CASE 10508 Published on 14.11.2012

Behcet’s disease (ECR 2012 Case of the Day)

Section

Chest imaging

Case Type

Clinical Cases

Authors

Kondratyev Evgeny, Karmazanovsky Grigory

Vishnevsky Insitute of Surgery RAMSc,
Radiology Department;
B.Serpukhovskaya str.,
27 115998 Moscow;
Email:karmazanovsky@ixv.comcor.ru
Patient

16 years, male

Categories
Area of Interest Lung, Vascular ; Imaging Technique CT-Angiography
Clinical History
A 16-year-old Caucasian boy was admitted to hospital with haemoptysis. He had experienced several episodes of non-severe haemoptysis over a one month period. Physical examination revealed ulcers on the buccal mucosa; ulcerated lesions on the scrotum and arthritis in the left knee were also noted.
Imaging Findings
Chest X-ray (Fig. 1) revealed bilateral hilar enlargement. Dilatation of the right and left pulmonary arteries was suspected.

MDCT imaging of the thorax (Figs. 2, 3 and 4) with administration of iodinated contrast medium was performed.
Discussion
Behçet disease (BD) is a rare multisystemic, chronic inflammatory disorder with an unknown aetiology. It is suggested that there may be a genetic predisposition (human leukocyte antigen [HLA], HLA-B51) and that certain microorganisms may play a role. It is most frequently seen in the third decade of life and is more common in men. BD is most frequently seen in Mediterranean, Middle East, and Far East countries [1]. Recurrent oral and genital ulcers and uveitis are the clinical triad of the disease.

BD can involve blood vessels of all sizes. Venous involvement is more frequent than arterial involvement, and accounts for over 85% of vascular involvement [2]. Arterial involvement is rare and accounts for less than 15% of vascular involvement. Arterial manifestations of the disease involve aneurysm formation (65%) and occlusions (35%) [1]. The most common cause of pulmonary artery aneurysm is BD [3]. Aneurysms can be seen in the main pulmonary arteries or their branches and are a characteristic CT finding. Patients with pulmonary aneurysms are known to have a poor prognosis [3].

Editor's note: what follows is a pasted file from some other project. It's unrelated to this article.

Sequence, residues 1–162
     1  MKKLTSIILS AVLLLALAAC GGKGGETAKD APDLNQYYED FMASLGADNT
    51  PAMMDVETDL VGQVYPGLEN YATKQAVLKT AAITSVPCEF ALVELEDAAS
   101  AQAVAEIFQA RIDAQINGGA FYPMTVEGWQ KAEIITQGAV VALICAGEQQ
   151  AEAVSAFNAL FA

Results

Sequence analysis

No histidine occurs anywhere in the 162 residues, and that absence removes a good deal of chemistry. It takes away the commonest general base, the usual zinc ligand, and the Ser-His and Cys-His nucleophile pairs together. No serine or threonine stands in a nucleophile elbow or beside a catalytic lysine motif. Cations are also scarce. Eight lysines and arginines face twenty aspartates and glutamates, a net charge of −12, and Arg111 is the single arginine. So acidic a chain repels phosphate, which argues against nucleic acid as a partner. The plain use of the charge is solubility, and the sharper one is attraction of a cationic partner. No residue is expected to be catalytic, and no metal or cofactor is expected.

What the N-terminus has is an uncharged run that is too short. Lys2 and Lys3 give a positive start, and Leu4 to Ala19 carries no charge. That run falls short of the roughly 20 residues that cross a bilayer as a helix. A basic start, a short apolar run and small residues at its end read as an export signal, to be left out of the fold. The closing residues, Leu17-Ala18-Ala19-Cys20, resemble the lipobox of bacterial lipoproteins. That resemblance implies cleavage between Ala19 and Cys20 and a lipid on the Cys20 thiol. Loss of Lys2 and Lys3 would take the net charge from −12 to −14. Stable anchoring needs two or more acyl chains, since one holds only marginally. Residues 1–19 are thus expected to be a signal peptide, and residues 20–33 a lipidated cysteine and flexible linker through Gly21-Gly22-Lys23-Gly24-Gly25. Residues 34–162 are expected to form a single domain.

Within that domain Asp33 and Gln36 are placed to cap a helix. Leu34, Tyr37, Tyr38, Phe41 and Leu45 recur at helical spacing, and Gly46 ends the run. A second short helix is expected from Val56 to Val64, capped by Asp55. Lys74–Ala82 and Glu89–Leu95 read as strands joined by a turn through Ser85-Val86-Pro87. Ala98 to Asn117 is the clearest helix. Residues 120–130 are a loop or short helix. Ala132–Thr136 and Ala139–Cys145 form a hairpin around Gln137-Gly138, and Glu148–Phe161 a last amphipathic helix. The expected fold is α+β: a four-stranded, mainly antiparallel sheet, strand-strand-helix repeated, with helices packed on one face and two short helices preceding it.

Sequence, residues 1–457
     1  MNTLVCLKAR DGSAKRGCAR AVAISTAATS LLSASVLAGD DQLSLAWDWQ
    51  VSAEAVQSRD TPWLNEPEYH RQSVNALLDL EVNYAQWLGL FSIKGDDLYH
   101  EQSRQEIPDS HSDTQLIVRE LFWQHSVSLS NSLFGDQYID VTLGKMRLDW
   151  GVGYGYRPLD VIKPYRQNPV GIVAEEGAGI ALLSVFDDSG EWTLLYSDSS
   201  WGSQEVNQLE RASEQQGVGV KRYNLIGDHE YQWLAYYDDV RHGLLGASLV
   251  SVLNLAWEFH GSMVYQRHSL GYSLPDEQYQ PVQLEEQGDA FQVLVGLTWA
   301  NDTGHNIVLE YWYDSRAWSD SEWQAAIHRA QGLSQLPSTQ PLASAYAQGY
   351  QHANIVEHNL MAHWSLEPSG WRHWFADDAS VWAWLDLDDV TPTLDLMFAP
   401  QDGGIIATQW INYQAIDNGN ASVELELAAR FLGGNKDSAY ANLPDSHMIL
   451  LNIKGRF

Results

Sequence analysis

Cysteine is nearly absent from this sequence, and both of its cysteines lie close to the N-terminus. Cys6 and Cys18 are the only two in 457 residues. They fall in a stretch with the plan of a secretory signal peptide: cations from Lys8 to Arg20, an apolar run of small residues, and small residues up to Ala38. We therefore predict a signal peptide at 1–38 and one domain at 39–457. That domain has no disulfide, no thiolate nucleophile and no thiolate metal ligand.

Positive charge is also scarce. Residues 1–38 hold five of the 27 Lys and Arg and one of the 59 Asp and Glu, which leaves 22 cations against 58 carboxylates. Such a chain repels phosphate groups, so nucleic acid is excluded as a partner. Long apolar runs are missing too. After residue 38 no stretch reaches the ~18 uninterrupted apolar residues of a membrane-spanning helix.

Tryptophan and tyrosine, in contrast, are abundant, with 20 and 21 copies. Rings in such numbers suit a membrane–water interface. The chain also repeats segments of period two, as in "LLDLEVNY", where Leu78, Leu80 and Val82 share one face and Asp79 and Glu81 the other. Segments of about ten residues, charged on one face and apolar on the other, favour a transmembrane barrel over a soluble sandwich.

BD appears to target certain organs and tissues: the eyes, mouth, skin, lungs, joints, brain and gastrointestinal tract. Ulceration similar to recurrent aphthous stomatitis occurs in all patients diagnosed with BD. Oral ulceration is the initial clinical feature of up to 86.5% of patients with BD. Genital ulcers initially manifest as papules or pustules that later ulcerate. Ocular manifestations include uveitis, bilateral swelling of the optic nerve, retinal vasculitis, and bilateral lamellar macular hole. Ocular disease in 43% to 65% of patients [4]. Neurological complications involve the central nervous system (CNS). CNS disease is a serious complication of BD and may manifest as pseudotumour cerebri, brain-stem involvement, neuropsychiatric symptoms, and meningo-encephalitis [5].

In patients with BD, aneurysms of the thoracic aorta, pulmonary arteries or mediastinal veins can be seen as hilar or mediastinal enlargements on plain chest radiographs. Pulmonary parenchymal involvement may appear as nonspecific focal opacities on plain radiographs. MDCT with contrast enhancement is method of choice in workup of BD and can demonstrate vascular, mediastinal, pulmonary parenchymal and pleural findings suggestive of the disease very effectively.

In our patient, on the basis of cutaneous manifestations, laboratory findings, positive pathergy test and the presence of aneurysms of the pulmonary artery, a diagnosis of BD was suspected. The patient was treated with immunosuppressive therapy. Five months later the patient underwent a follow-up contanst-enchanced MDCT of thorax which revealed normal pulmonary arteries.
Differential Diagnosis List
Vasculitis - Behcet’s disease
Vasculitis - Behcet’s disease
Primary pulmonary arterial hypertension
Mycotic pulmonary aneurysms and pseudoaneurysms
Disseminated malignancy
Tuberculosis
Final Diagnosis
Vasculitis - Behcet’s disease
Case information
URL: https://www.eurorad.org/case/10508
DOI: 10.1594/EURORAD/CASE.10508
ISSN: 1563-4086